You are also right that practicing without prior training is a bad idea. It does reinforce bad habits. Get the best training that you can afford, and then pass along what you’ve learned to your family and friends. I mention Front Sight a lot here on the blog, since I can vouch for the quality of their training. However, there are lots of other great facilities out there, such as Gunsite and Thunder Ranch. There are also smaller scale schools and personal trainers all over the country like John Farnam (of DTI), Gabe Suarez, Ken Hackathorn, Jim Crews, Rob Haught, Dave Saffir, Mas Ayoob, Dave Schleicher (of Eagle Personal Protection), and Louis Awerbuck. Also, don’t overlook the essentially free or at-cost training that is offered by the NRA and groups like The Appleseed Project. I’m not familiar with many tactical firearms training facilities overseas that cater to civilians, but one that stands out is Condor, in Israel.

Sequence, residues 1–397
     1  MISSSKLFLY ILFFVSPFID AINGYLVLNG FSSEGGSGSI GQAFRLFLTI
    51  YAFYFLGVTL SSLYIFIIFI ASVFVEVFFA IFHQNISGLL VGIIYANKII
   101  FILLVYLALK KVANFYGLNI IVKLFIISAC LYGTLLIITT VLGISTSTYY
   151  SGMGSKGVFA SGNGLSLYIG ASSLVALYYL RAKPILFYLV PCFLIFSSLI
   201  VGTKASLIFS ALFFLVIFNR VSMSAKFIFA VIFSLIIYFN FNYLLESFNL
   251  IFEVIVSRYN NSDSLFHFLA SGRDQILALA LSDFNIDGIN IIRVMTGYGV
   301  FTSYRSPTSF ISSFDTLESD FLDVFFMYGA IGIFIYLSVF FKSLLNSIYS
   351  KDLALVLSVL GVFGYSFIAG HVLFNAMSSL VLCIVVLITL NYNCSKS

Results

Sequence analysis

One important proviso: Always wear proper eye and ear protection when shooting. I’m a big believer in wearing both earplugs and ear muffs. Hearing loss is progressive and irreversible!